Measures of happiness and life quality
* * * *   1 vote

Qualitative growth wanted!

There is an increasing gap between what mainstream business models and economic systems promote and nurture and what we value and need as human beings.

Most companies still measure growth in terms of turnover, a country’s wealth is still measured in terms of its gross domestic product (GDP) and the world categorized into ‘developed’, ‘developing’ and ‘less developed’ countries, recognizing only monetary value.

Social costs like those of accidents, wars, litigation, healthcare, pollution are actually added as positive contributions, i.e. as additions to the GDP, instead of deducting them. This is how we measure a ‘healthy economy’ – GDP measures wealth and social degradation, but not progress. There is no link between economic growth and quality of life.

To make up for the current defect in the GDP measures of development and growth, new indicators of a country’s progress have emerged to measure the many aspects of quality of life.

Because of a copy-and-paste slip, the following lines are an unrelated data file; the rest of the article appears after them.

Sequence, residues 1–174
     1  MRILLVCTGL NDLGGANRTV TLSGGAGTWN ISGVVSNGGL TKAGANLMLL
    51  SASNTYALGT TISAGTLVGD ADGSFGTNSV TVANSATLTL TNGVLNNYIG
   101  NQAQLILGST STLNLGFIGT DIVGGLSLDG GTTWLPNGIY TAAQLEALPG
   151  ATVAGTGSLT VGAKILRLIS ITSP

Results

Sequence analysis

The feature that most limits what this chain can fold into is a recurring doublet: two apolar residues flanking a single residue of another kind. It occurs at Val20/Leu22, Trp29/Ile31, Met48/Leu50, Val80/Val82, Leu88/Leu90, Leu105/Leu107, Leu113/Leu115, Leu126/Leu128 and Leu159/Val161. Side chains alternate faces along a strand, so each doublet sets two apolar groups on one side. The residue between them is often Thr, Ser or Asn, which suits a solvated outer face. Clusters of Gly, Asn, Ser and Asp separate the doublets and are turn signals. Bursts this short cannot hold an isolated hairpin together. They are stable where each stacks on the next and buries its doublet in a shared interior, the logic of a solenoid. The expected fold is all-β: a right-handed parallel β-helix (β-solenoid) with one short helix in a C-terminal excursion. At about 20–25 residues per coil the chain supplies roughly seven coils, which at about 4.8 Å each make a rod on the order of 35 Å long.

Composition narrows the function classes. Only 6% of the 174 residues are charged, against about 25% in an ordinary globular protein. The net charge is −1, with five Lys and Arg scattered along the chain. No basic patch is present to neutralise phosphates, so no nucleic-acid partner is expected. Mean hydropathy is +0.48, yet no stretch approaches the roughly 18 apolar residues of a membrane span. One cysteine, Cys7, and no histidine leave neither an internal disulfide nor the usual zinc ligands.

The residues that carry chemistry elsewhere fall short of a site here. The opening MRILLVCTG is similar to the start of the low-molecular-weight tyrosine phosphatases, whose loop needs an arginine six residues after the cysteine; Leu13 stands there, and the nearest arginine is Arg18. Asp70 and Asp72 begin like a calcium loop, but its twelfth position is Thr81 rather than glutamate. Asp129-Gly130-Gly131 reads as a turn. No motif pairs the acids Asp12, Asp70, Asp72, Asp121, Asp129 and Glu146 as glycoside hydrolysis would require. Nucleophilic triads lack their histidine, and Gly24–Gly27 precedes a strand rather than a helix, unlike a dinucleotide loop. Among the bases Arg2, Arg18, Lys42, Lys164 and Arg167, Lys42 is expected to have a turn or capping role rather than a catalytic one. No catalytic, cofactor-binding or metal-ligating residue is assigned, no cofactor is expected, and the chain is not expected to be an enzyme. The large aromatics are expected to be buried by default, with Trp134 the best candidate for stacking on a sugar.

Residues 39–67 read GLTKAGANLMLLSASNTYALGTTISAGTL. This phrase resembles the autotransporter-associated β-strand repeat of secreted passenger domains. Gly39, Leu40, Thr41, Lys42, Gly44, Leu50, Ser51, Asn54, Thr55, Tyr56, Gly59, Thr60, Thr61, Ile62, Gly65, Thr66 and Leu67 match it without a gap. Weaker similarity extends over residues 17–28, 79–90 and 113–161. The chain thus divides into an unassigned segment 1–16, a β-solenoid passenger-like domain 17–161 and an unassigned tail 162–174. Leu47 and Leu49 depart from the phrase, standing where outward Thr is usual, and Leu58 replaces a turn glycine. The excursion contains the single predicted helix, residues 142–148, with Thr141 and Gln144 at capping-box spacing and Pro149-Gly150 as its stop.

The Calvert-Henderson Quality of Life Indicator, United Nations’ Human Development Index (HDI), and Bhutan’s pioneering concept of Gross National Happiness (GNH) are some of them. The European Commission has now also launched the Beyond GDP initiative which is working on improving our measures of progress, wealth and wellbeing of nations. Just like France’s President Sarkozy has initiated a Commission on the Measurement of Economic Performance and Social Progress.

But none of these measures or initiaives have broken into the mainstream yet. Read more about why and about the concept of Qualitative Growth overall in this thought-provoking report by economic iconoclast Hazel Henderson and systems theorist Fridtjof Capra.

Bookmark and Share
Posted in | Economic systems, Growth principles
Tagged | , , , , , , , ,

Comments are closed.

Make a comment on this post

Your email address will not be published. Required fields are marked *